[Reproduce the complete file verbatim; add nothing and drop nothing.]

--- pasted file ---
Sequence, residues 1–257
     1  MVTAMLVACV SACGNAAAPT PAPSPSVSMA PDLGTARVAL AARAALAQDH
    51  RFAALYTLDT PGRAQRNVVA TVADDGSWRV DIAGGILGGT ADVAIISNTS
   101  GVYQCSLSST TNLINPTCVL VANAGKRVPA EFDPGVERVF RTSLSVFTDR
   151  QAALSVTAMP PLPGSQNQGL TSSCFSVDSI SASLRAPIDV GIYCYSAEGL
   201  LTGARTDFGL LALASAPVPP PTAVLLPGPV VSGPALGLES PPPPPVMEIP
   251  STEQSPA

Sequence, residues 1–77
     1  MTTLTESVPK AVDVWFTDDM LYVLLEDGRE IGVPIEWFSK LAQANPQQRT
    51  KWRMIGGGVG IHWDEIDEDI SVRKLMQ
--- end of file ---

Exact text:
Sequence, residues 1–257
     1  MVTAMLVACV SACGNAAAPT PAPSPSVSMA PDLGTARVAL AARAALAQDH
    51  RFAALYTLDT PGRAQRNVVA TVADDGSWRV DIAGGILGGT ADVAIISNTS
   101  GVYQCSLSST TNLINPTCVL VANAGKRVPA EFDPGVERVF RTSLSVFTDR
   151  QAALSVTAMP PLPGSQNQGL TSSCFSVDSI SASLRAPIDV GIYCYSAEGL
   201  LTGARTDFGL LALASAPVPP PTAVLLPGPV VSGPALGLES PPPPPVMEIP
   251  STEQSPA

Sequence, residues 1–77
     1  MTTLTESVPK AVDVWFTDDM LYVLLEDGRE IGVPIEWFSK LAQANPQQRT
    51  KWRMIGGGVG IHWDEIDEDI SVRKLMQ